April 28, 2021 - 8:10pm
How to divide dough from a large mix to add mix-ins
When we calculate add-ins to a formula we make the add-in as a percentage of the flour, right? So if I wanted to use a cracked 9-grain blend in the amount of 25% I would multiply .25 x the grams of flour.
I need to mix enough dough for 69 loaves of bread, plus enough for inevitable mistakes, but I want 27 of those loaves to be the 9 grain blend (which I plan on hydrating just prior to mixing in the dough).
How can I calculate how much dough to separate to add the 9 grain mix to? How do I calculate the proper amount of 9 grain mix to add to it?
My master formula is:
|50125||71 @ 700|
There may some spectacularly obvious way to do this, but I am simply not math inclined. Your help is appreciated.
This is how I do mix ins:
dough plus mix ins.
I already have formulas for my ratios. If you have made this cracked grain bread before, then so do you. Take your base recipe for the cracked grain loaf and then scale it up so that your dough amount (without the grains) is equal to your base recipe (in my case, a base recipe is 1024g or 1000g). Then you have 1000 plus your grains is your “base”. Multiply 27 by loaf weight (700g?) to get your desired weight, divide desired weight by “base” to get the factor you need. Now multiply your “base” by the factor to get the amount of dough you need and the amount of add in you need.
In your case, just add 25g grain mix to your base recipe. Scaled to 1000g flour, your base for this load equals 2250g, which is enough for 3 700g loaves. Multiply by 9 for 27 loaves. That’s 9x250 g grain mix and 9x2000=18000g dough. You will have 150x9=1350g excess, so either make the spare 2 loaves or multiply by 8.5 instead of 9 for your multiple.
i am assuming your 25% figure is correct but you made it sound like a question. I am not answering this question, just doing the math
Hi Elena im afraid your figures are not adding up fpr me, weighing off at 700g dough pieces my calculations for 69 loaves with 27 being @ 25% 9 grain mix came to 48320g or 49700g for 71 loaves with 27 being @ 25% 9 grain this is based on removing enough dough and adding 9 grain mix to form 27 x loaves @ 700g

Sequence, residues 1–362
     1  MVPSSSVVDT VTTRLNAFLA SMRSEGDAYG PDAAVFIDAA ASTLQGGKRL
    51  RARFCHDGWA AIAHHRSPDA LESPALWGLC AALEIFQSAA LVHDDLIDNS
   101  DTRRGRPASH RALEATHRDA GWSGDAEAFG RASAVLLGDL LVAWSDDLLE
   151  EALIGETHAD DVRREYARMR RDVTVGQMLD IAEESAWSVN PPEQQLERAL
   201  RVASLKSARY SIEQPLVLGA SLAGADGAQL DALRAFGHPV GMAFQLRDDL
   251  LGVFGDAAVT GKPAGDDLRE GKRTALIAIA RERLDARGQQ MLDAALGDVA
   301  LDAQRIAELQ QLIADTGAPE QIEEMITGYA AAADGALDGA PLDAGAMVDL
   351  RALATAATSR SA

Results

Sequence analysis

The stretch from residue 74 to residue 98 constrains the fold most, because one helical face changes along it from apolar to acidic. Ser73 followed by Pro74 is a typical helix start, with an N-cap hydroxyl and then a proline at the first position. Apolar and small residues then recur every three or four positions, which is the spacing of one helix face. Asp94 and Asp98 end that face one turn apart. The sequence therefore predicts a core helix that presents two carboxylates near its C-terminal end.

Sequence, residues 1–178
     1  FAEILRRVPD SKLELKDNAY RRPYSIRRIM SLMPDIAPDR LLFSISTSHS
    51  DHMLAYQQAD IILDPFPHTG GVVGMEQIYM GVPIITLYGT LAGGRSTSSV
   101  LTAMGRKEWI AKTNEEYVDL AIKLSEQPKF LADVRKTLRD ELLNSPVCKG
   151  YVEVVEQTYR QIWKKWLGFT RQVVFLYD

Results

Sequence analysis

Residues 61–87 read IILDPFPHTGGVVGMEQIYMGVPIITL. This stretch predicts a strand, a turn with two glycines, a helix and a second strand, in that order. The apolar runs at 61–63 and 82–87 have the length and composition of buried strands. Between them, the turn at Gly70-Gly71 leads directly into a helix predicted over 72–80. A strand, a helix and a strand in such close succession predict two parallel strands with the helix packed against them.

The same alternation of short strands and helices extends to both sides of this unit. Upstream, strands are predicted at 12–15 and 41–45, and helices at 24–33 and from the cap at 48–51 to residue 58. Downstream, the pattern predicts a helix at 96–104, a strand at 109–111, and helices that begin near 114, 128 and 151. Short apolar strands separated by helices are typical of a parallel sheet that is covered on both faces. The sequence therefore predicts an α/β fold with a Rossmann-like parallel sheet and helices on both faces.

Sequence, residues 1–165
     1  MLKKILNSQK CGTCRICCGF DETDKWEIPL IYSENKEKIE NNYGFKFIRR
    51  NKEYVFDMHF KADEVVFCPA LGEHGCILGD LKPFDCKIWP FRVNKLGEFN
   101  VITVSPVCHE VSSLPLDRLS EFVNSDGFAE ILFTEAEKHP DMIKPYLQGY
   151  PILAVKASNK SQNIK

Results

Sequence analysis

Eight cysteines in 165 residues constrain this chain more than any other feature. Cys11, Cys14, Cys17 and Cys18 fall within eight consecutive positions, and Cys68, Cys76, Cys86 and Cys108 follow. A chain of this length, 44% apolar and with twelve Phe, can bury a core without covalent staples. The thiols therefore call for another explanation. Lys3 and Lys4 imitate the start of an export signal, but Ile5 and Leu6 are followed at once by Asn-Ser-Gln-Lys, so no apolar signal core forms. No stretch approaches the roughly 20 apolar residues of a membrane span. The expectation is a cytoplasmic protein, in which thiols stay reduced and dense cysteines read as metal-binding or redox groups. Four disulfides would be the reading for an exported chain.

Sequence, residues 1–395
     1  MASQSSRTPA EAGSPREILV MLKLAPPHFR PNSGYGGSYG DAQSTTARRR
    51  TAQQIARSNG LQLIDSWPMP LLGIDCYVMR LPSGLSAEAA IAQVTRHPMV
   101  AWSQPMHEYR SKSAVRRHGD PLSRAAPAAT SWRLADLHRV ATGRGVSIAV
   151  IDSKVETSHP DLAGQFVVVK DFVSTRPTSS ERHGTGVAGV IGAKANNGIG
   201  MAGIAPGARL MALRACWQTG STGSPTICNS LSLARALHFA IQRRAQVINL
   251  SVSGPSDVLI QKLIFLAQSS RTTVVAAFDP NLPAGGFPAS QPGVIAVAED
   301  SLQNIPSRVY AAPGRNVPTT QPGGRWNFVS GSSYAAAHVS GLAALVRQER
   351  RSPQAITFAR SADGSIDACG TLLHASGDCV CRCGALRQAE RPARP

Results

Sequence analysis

So what ive done is worked out the total ingredients with the 27 loaves needing 9 grain mixture at the rate of 25% for those loaves 27 loaves 25% of 700g = 175g of 9 mix per loaf 27 x 175g = 4725g which is the amount of 9 mix that will be required to add to 14175g of the dough. i have also adjusted the flour and w/m to maintain its original 80/20 value, made slightly more difficult due to the splitting of the dough for two different breads.
the first 42 loaves @ 700g require 29400g of dough
the 27 with 9 mix added will require 14195 dough and the addition of 4725 g of 9 mix.
GRAND TOTAL is 48320 which gives 20g over to play with!
i do hope i havent caused to much confusion kind regards Derek
Won't the dry cracked 9-grain mix need to be cooked or at least soaked in water first?
And won't that water need to be in addition to the 78% hydration in the formula?
also, in regards to the amount of 9-grain mix constituting 25% of the formula...
Does the 25% mean 25% dry mix, or 25% soaked/cooked mix (including the water used to soak/cook it) ?
Good point, Quite possibly Idaveindy and i think i might be inclined to make two separate doughs to ensure i got it correct as there is a bit of mucking around to try to get proportions correct and consistent for both breads, especially as you say adding the dry 9 grain mix as a dry commodity is going to have an effect on that dough. or conversely your non 9 mix could be a bit slack if you have allowed for moisture take up for the later addition of 9 mix. Derek
Thank you - to clarify I soaked the cracked grains in equal amount of boiling water the morning before baking, which doubled its weight of course. What I did was calculate how many grams of dough I would need to make ~27 loaves (700x27) and then subtracted 4000g for the weight of the hydrated grains. anyway, I figured it out- my math brain is a little bit slow.
Thanks for your help,